We hear a lot about the ‘tech community’ in London – what was your experience of it?

I wouldn’t say I’m an active participant in the community. For one, I have a young family so need to get the work life balance right and secondly, my role means extended working hours to handle different timezones. Performing the GM role means wearing many hats and it leaves me exhausted at the end of the day!

We do have an event space in the office and host a number of meetups. We don’t charge people for that space, so we are trying to support the community. We also encourage our employees to get themselves out there and bring in groups they are personally passionate about. We also allow side projects in our employment contract with no claim over intellectual property.

You mention the extended hours of your role – how do you manage communication with HQ?

We are increasingly heavy users of Slack, which is reducing the volume of email, and we use Zoom a lot and recording the meetings has been really helpful, as lining up US / APAC / European timezones is really hard. Our leadership is in California and they run two leadership meetings– one with US / APAC and one US / Europe. I can play back recordings of the APAC one on my commute to ensure I’m up to date.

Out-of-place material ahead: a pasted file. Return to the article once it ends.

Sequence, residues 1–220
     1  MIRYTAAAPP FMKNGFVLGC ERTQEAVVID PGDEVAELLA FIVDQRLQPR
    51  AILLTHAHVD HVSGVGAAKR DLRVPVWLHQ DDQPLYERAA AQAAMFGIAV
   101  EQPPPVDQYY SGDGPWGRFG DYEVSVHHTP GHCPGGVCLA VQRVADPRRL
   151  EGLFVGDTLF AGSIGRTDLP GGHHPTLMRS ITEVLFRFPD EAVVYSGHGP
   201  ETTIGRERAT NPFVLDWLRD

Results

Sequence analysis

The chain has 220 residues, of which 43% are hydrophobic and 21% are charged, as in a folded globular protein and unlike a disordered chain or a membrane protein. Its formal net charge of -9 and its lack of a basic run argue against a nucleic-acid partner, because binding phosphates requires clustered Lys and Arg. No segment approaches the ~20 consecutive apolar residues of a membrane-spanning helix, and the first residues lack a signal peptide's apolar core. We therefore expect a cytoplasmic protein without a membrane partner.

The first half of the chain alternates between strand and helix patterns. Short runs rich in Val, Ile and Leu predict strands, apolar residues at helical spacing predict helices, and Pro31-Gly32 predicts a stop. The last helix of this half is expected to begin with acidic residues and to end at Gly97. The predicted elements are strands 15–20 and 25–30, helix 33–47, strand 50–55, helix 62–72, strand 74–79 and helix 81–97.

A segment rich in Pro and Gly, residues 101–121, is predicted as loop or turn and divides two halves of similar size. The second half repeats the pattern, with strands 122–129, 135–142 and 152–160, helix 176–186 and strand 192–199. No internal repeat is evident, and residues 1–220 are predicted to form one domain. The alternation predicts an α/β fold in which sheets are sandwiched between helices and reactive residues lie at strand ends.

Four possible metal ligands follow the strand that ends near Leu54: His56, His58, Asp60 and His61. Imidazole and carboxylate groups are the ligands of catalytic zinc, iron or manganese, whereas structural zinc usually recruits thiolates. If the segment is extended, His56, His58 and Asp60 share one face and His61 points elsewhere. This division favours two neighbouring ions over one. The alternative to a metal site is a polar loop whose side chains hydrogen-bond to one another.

I also tend to earmark a day per week for collaboration days. On those days I try and get home to take those calls. In my role I don’t have to be office bound, so I also try to work one day a week from home. On a typical day I will get home from the office, be there for the kids’ bedtime routine, then go back online. I knew what I signed up for when I accepted the role, so it’s just a question of balance throughout the week.

What has been the hardest challenge to solve?